Natural Scenery

Trails aglow in fleeting autumn

The Karst Loop of the Monument Trails network at Hobbs State Park-Conservation Area is a favorite among mountain bikers. It also makes a dandy fall foliage hike.

Hikers actually have a bit of an advantage on this 8-mile loop that hugs the Beaver Lake shoreline much of the way. Hiking gets you to the best scenery, the good stuff, faster than biking.

That’s because bikers are required to ride the loop counterclockwise. From the trailhead on Page Sawmill Road, the trail leads bikers away from the lake and gradually uphill. It’s still a nice ride. The forest is peaceful, and there are no lung-buster climbs.

Hikers are encouraged to travel clockwise and reach the lakeside scenery almost immediately. This clockwise route follows the lake shore for 3 or 4 miles.

A good option is to hike out as far as you’d like, then turn around and hike back. The scenery seems different going the other way. The entire 8 miles is beautiful. Bikers and hikers find some uphill here and there, but nothing that rates high on the wheezer scale.


To get to the trailhead from the Hobbs visitor center, travel east on Arkansas 12 for two miles to Rambo Road. Take a left and follow the road for a mile. Where the pavement makes a hard right, go straight on Page Sawmill Road (gravel) for 100 yards to the trailhead. From here, a short trail leads to the start of the loop. Walk left to hike clockwise.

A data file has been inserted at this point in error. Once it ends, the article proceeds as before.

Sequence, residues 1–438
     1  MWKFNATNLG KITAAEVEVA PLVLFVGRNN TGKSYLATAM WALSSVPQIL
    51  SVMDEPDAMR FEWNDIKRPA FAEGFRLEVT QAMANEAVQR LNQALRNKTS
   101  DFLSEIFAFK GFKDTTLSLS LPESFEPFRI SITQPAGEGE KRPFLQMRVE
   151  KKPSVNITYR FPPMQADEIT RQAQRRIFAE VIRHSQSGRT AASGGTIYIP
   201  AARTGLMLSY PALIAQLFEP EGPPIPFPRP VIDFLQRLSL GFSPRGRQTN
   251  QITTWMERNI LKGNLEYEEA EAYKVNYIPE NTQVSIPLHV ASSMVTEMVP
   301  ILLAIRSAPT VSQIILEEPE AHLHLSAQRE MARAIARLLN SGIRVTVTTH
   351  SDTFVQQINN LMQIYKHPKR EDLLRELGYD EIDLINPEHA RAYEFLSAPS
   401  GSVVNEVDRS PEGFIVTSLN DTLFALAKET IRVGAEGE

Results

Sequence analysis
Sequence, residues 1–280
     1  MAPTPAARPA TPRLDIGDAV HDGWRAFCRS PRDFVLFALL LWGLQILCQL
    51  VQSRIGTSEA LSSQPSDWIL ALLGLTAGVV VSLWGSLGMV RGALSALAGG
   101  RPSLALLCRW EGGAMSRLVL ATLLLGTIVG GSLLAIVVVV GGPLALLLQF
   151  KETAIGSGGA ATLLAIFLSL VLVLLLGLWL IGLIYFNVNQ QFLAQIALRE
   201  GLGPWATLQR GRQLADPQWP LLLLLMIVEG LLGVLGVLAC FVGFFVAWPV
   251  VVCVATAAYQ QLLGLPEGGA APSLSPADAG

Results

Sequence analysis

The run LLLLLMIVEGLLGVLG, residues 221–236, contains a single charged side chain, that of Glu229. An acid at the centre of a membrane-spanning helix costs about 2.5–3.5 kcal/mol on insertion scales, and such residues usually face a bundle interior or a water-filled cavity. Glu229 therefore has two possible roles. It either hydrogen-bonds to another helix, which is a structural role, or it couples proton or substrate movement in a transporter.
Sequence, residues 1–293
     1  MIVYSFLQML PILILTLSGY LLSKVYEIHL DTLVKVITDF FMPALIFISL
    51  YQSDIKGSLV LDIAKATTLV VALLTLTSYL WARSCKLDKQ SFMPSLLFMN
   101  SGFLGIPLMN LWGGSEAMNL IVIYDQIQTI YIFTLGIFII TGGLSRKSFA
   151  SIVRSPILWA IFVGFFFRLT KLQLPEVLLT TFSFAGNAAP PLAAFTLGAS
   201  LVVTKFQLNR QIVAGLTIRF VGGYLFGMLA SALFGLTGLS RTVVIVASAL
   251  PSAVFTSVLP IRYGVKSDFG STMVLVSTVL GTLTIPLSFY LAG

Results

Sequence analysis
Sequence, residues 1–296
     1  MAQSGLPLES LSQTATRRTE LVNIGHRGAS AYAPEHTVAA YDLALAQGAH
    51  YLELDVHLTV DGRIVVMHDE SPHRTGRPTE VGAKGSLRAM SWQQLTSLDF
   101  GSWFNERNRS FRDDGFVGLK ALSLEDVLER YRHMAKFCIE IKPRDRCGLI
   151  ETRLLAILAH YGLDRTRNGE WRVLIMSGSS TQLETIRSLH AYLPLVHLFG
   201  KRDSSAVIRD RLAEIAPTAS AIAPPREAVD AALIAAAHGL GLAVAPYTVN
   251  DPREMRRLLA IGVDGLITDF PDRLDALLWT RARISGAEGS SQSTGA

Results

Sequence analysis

Karst Loop gets its name from the karst landscape that is characteristic of the park’s 12,000 acres and much of the Ozarks. Limestone that is underground gets dissolved by water creating fractures, cracks and caves. That’s karst.

Hikers and bikers may notice sink holes close to the trail that are indicators of this karst.

Sunrise may be the best time to hike the Karst Loop, especially now that trees are showing fall color. The climbing sun seems to change the color in the trees as if someone’s slowly turning a kaleidoscope. Beaver Lake, right beside the trail, is glass smooth at this magic time of day.

The trail promises to be spectacular through autumn. Sugar maple trees stand tall along the path with leaves that turn to red and orange. Trees of bright yellow are most likely hickories. Dogwood leaves sport a reddish or burgundy glow.

The path occasionally leaves the lake and dips into a couple of mysterious shady hollows that cradle small creeks, but not for long. Pretty soon you’re back beside the lake admiring the woods and water view.

There was only a hint of fall color when we walked part of the Karst Loop at sunrise in late September. The hike was beautiful nonetheless, two miles out then two miles back to the trailhead.

We had company even at this early hour. Over the four miles we met one mountain biker, one trail runner and two hikers.

One of the hikers carried her newborn infant in a type of baby-toting day pack strapped to her chest. Now that’s getting kids out into nature at an early age.

Ah, so many trails and so little time. Fall and its color seem to pass so quickly. Karst Loop is definitely one to explore before those pretty leaves flutter to the ground.

Flip Putthoff can be reached at [email protected]

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